I love yoga. It’s all the rage—even Nancy Hanks Lecturer Alec Baldwin is a fan. Yoga practice is a great fitness activity that has physical, emotional, and spiritual benefits. A thirty minute workout comprised of sun salutation, downward facing dog, and accompanied by a little “om” action provides the energy and balance needed to chug through the day.
What about arts wellness? I propose this: advocacy is the new yoga.
I promise, I’m going somewhere with this. Just hear me out.
Every year in April, hundreds of arts advocates arrive in Washington, DC for Arts Advocacy Day.
The two-day summit covers advocacy training, break out sessions regarding current arts issues, the Nancy Hanks Lecture on Arts and Public Policy at the Kennedy Center for the Performing Arts, and a day on Capitol Hill—meeting with legislators to discuss the state of the arts and future objectives.
It’s an empowering and inspiring experience. Even as a seasoned veteran, I discover new information, meet and discuss issues with colleagues from all over the country, and leave Washington knowing that somehow, in some way, I planted a seed by educating and encouraging my elected officials regarding the positive power of the arts and their support and continued funding benefits the country in countless ways.
But what happens when we leave our nation’s capital? It is all too easy to “fall off the wagon”: to put our Congressional Arts Handbook and other resources on a bookcase in the office, only to be revisited the following April.
Here’s where yoga comes in.
Advocacy must be part of our mission as arts administrators, patrons, board members, students, etc. It’s a natural instinct to share the glories, wonderment, and benefits of the arts, so why not incorporate this for 30 minutes a day?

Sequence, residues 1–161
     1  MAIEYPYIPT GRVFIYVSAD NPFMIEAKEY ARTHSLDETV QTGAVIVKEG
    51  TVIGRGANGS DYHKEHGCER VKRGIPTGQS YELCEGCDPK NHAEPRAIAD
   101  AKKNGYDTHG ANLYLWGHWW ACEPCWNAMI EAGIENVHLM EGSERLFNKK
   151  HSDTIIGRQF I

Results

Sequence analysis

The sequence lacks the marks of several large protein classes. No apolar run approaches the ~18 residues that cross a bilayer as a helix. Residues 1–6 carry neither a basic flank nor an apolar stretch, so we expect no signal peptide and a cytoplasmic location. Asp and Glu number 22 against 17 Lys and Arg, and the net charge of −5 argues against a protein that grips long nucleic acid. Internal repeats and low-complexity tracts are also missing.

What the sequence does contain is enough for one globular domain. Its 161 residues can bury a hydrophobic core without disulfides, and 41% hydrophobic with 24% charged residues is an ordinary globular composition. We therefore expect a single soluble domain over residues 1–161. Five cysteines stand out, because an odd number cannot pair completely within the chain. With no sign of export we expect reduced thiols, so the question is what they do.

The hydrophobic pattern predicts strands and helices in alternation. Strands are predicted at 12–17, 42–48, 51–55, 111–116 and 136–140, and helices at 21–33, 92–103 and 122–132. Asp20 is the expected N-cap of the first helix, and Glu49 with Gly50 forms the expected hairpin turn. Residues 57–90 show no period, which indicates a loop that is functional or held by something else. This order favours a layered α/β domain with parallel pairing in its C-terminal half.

Am I suggesting you go to Washington or your state house everyday for 30 minutes?
No, there are other effective methods of advocating: writing an e-mail or letter, making a phone call, or even making an appointment at a legislator’s district office. Advocate for the arts with local teachers, leaders, business people, and other organizations that could benefit from a future partnership with an arts program.
On the first day of my introductory arts management class, I share with my students the definition of an arts manager from David Conte and Stephen Langley’s Theatre Management:
“A person who is knowledgeable in the art with which he is concerned, an impresario, labor negotiator, diplomat, educator, publicity and public relations expert, politician, skilled businessman, a social sophisticate, a servant of the community, a tireless leader—becoming humble before authority—a teacher, a tyrant, and a continuing student of the arts.”
There is no mention of advocacy.
As the semester progresses we spend nearly four class sessions on arts policy and advocacy, even having my student arts managers participate in the advocacy process by writing to their legislators. On the last day of class, we return to this definition and evaluate it. Students quickly exclaim, “Dr. K—we have to be advocates. We can’t progress without it.” Truer words couldn’t be uttered.
My prescription for the health of our arts organizations: thirty minutes of advocacy a day. It makes a world of difference. And always make sure to stay hydrated.